Psychologist Beatrice Lindéh said taking some simple steps could help you reconnect with your partner if one or both of you is struggling with your mental health.

“Hugging, showering together, or just lying naked in bed together can be enough for a while, and will keep you feeling close until your libido returns”, she told Metro.

How to let go of libido worries

Victoria said that there are many ways that you can sort out your lack of libido, but first, she said you need to address the route cause of why you feel this way.

“When it comes to increasing your libido the most important first step is to understand why your libido may have decreased.

“Addressing the root cause will not only enable you to have a better understanding of your health but it will also enable you to take steps to increase your libido long-term.”

She explained you also need to take time for yourself and de-stress, as it can be hard for us to think about sex when our minds are elsewhere.

Victoria said following a balanced diet might also help.

She explained: “Many people talk about foods that can boost our love lives such as oysters, dark chocolate and chillis – however the evidence and direct link to our sex lives is largely unproven and is more focused around having a balanced, nutritious diet.

“Evidence has shown that eating a balanced healthy diet can improve both your physical and mental health, the same goes for exercise.

“Nutrients are very important to reducing stress and if you’re looking for advice or natural remedies to promote a better balance.”

Kate added: “Reach out to each other more. A hug that lasts 10 seconds in the kitchen when you grab a coffee, or a 5 second kiss in the morning.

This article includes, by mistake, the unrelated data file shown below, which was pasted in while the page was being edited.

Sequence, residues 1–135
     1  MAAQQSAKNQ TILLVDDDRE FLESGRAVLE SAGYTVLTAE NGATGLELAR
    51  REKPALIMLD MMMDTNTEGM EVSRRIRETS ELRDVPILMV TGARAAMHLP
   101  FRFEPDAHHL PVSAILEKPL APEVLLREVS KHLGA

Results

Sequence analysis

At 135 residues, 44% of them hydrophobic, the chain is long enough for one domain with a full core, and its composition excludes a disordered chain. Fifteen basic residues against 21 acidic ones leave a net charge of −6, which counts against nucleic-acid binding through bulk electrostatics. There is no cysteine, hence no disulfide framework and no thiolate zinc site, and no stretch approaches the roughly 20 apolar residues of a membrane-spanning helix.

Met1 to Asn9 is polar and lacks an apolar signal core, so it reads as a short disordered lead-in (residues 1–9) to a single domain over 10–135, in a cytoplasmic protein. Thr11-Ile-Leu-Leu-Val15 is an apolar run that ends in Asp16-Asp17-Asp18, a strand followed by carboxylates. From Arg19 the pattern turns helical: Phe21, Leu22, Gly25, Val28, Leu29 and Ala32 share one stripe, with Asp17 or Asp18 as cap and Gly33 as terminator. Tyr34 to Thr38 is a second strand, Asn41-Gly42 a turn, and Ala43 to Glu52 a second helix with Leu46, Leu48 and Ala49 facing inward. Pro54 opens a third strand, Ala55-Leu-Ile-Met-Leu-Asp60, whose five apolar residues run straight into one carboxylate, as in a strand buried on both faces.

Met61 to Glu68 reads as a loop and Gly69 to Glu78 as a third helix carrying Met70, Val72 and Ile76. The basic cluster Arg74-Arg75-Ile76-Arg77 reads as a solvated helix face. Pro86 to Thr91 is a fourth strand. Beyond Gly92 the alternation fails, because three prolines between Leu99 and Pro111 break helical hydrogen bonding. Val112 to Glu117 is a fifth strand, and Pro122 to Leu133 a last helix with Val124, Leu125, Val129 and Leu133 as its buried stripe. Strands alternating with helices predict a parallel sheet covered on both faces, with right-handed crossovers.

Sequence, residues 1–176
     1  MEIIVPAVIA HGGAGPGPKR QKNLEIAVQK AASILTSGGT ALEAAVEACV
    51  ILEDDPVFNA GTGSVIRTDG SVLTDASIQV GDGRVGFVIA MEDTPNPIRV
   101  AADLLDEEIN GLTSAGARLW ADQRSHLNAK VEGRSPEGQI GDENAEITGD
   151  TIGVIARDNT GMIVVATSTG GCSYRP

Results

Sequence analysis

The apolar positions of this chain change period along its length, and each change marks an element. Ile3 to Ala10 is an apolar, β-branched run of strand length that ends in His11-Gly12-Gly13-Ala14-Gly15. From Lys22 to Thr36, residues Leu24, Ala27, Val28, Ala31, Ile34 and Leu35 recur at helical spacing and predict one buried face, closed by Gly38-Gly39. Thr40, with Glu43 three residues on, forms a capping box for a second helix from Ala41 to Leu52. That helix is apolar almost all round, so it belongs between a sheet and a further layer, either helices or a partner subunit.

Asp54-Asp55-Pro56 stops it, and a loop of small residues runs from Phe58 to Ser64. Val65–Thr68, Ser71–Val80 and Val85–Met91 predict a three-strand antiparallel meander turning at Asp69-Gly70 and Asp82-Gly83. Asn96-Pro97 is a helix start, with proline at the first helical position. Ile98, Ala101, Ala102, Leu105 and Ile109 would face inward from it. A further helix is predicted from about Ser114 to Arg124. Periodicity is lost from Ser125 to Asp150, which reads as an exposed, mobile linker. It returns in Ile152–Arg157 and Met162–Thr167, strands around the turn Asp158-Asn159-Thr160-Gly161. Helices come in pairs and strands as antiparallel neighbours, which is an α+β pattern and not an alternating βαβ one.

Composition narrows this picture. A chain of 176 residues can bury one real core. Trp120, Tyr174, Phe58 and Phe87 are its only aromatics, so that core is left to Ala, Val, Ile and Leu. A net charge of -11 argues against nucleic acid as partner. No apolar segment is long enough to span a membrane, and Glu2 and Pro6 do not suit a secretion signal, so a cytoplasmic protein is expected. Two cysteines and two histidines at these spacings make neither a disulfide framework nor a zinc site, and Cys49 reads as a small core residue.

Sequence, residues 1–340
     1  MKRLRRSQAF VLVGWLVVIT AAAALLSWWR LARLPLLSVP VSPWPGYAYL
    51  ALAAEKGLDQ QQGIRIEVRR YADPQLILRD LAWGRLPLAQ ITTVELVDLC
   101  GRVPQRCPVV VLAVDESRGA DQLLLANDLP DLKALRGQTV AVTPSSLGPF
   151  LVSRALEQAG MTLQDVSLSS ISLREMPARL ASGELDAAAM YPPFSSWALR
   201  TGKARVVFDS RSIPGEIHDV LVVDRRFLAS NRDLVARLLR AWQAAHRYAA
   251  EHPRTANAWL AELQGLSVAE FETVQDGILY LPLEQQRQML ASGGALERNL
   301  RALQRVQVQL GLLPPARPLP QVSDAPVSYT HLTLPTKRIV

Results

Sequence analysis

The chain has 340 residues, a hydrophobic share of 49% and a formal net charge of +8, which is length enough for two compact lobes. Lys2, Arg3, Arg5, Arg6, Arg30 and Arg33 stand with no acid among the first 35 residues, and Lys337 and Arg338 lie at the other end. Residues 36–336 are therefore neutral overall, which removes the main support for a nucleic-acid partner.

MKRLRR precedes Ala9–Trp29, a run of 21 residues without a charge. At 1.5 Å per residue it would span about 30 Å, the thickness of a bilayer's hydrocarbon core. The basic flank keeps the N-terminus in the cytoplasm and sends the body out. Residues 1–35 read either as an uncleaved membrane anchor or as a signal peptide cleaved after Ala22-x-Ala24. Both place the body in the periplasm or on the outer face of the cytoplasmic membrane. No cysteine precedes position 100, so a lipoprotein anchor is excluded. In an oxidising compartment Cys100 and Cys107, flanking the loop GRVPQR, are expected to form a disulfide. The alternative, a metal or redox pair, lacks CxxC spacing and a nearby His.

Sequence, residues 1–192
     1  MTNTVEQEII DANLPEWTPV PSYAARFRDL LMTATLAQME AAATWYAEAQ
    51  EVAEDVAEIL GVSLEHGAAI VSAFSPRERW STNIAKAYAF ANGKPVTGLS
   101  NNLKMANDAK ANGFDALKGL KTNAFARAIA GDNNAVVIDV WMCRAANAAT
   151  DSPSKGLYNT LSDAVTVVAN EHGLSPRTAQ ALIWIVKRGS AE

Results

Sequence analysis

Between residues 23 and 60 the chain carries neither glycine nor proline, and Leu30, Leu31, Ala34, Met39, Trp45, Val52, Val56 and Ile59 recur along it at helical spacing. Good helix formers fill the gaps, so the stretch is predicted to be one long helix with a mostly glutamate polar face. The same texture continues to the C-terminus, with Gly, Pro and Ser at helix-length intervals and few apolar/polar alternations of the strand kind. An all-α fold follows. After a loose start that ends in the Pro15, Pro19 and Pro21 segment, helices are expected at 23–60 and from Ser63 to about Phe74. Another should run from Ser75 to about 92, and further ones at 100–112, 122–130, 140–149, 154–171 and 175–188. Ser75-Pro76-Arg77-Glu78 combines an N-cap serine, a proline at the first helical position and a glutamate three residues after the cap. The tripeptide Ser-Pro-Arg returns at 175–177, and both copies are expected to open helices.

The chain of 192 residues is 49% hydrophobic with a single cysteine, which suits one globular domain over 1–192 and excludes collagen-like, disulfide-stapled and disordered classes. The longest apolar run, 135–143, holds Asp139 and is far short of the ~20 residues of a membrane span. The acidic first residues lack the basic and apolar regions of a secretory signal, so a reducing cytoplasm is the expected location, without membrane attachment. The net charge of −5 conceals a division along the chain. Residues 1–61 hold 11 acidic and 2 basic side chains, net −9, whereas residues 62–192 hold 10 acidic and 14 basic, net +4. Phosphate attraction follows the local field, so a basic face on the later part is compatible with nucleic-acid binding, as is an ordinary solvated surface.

“Allow your touch to last a bit longer than usual and with intention.

“If you are experiencing a low sex drive sometimes we can pull away from these types of intimacy as we think it’s always going to lead to sex, and so intentionally making physical intimacy not about sex can help you to connect and feel closer.”

4. Medications

Many commonly prescribed medications can interfere with your libido.

This includes the contraceptive pill, blood pressure drugs and medications used to treat conditions such as bipolar.

The NHS says other medications include antidepressants and medications that are prescribed for seizures and fits.

5. Baby boom

If you’ve just had a baby then it’s highly unlikely that you want to jump into bed for anything more than a nap.

The NHS says this is common due to a change in your hormones and your body – as well as the fact that you’re probably exhausted because of a newborn baby needing constant care and attention.

Not only that, but having a baby means your priorities change, meaning there might not be time to fit sex in.

6. Booze and drugs

While a cheeky glass of wine can put you in the mood, long term drug and alcohol abuse can lead to a lack of libido.

Current guidance states that men and women are advised not to drink more than 14 alcohol units a week on a regular basis.

This quiz will be able to help you identify whether or not you have a problem with booze.